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Also, suggest being checked for Normal Pressure Hydrocephalus. Husband was diagnosed with AD - it was NPH. I had him tested and then received treatment after reading an article that said this used to be a routine test, but that younger Dr's no longer test for NPH. Also, that many people in NH had NPH and would be helped by treatment.
Symptoms mimic many dementias, but feet being "stuck to floor" and a "wide apart" gait are a sign of NPH. Incontinence and falling issues. Also, mental problems. Find a geriatric specialist to help you.
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You might also be checked for Normal Pressure Hydrocephalus, which is treatable. This condition significantly affects balance and gait.
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P.S. I'd also check your thyroid levels to make sure you're not hypothyroid (low thyroid).
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I agree with checking your B12 level! And maybe have them run a panel for other vitamins as well, just for insurance that they've looked at everything from a vitamin deficiency standpoint. I was low in B12 and D and was having all kinds of symptoms. Good luck!!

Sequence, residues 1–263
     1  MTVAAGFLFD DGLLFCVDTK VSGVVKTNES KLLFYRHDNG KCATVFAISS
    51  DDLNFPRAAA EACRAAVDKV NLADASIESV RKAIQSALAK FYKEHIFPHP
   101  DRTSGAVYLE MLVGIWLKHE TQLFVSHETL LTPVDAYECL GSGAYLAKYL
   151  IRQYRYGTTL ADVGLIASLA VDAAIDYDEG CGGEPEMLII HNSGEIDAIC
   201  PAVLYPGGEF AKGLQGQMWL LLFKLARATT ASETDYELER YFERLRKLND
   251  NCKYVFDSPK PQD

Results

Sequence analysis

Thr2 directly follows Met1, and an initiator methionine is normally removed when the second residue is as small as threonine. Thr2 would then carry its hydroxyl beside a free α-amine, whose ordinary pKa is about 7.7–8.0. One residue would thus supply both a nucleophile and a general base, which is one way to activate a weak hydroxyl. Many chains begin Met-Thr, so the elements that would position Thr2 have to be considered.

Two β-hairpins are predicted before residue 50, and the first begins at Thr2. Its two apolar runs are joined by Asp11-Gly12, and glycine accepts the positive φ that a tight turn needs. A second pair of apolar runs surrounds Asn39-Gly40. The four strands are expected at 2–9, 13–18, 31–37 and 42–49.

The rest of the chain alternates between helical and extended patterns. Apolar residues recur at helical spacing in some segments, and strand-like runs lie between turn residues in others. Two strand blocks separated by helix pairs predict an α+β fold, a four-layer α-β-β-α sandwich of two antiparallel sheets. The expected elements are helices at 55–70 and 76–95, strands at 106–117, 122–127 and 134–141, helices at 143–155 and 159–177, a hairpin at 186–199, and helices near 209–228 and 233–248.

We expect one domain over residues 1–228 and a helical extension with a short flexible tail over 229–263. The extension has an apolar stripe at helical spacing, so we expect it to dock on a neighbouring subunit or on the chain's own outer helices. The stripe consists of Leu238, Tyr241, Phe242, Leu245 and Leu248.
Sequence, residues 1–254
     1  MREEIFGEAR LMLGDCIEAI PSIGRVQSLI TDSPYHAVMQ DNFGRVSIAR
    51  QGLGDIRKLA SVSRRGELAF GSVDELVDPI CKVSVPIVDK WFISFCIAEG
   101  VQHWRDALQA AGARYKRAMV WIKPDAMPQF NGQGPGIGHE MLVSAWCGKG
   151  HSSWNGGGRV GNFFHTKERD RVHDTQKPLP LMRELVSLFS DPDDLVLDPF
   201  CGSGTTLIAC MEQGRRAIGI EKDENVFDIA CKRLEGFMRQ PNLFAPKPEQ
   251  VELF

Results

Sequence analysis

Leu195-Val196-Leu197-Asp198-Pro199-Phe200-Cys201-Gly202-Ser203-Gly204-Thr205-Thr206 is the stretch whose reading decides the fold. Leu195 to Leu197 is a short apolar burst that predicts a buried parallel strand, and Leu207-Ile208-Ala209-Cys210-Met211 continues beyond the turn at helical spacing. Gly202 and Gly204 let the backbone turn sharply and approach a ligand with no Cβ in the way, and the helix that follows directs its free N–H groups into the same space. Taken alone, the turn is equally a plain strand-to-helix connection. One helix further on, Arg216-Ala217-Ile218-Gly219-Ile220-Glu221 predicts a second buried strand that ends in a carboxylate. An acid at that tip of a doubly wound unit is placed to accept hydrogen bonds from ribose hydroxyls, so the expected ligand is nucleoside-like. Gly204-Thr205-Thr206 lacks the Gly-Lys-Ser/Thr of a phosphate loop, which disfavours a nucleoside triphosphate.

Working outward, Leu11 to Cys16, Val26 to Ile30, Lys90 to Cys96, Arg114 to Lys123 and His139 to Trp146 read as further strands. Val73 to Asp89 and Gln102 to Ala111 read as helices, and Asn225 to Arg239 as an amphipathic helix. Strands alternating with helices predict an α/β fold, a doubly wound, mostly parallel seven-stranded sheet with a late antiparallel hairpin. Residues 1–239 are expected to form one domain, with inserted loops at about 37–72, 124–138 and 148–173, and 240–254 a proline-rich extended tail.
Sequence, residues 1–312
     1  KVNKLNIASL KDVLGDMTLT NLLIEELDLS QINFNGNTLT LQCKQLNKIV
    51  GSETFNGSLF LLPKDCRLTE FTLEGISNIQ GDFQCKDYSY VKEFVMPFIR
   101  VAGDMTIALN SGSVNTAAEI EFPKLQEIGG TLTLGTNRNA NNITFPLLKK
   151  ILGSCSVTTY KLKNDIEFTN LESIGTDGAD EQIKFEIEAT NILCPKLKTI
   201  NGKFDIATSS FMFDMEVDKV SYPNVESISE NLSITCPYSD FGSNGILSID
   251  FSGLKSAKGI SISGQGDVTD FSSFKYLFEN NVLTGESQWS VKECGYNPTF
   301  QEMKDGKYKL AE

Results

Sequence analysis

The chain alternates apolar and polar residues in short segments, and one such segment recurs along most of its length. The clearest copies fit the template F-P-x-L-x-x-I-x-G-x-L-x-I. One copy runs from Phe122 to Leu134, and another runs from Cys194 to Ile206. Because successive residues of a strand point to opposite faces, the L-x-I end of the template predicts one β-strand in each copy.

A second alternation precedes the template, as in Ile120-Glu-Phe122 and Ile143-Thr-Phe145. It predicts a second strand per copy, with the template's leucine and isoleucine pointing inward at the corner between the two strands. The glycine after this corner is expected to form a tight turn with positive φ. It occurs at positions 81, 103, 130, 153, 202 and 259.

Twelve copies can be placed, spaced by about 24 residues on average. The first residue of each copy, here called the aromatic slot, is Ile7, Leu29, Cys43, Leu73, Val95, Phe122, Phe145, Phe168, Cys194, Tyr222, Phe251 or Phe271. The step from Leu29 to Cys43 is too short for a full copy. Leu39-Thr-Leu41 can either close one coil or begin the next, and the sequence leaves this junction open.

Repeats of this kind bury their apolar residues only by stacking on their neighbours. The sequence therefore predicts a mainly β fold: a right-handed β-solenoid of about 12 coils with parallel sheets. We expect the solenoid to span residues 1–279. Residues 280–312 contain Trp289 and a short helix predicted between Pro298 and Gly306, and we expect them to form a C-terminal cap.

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With a diagnosis of Parkinsons, is it even possible to get LTC insurance?

Try that B12! Good luck.
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Yes as others have said get neurologist to run a check or update.

My mom has Lewy Body Dementia and LBD is somewhat similar in Parkinson's. She had the shuffle walk and leg stiffening and swallowing issues that is both Lewy and Parkinson's. Her doc's have her on Exelon patch and really it made a significant difference in her range of motion abilities. She could move more lyrical & fluid rather than stiff. Exelon is a patch and you have to move it about in different places on your body, but it's nice and time released so no highs and lows on dosage. Mom's cognition was improved too. Doesn't last forever as dementia will eventually run it;s course, but was a definite positive for her. Perhaps ask you doc's if Exelon could help you. Good luck.
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Has your doctor checked for low levels of vitamin B12? Low levels affect your central nervous system. My husband tested below normal and his neurologist put him on 1000 mg of B12 over the counter. She said if he had a problem with his body absorbing it he would have to use the injected version but he's doing great on it. He also is being treated for central sleep apnea and since he began these two treatments he's gone from being almost comatose to being able to take care of himself.
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It sounds like Parkinson's only early stages. In neurological diseases, symptoms are hit and miss. They ebb and flow. You need a speech therapist to help with the swallowing and low tones. While in these early stages start lifting weights at gym on weight machines. Avoid free weights. Start walking, stay active as much as possible. If your muscles are strong when you fall you will bounce rather than break bones. Good luck invest in long term care insurance.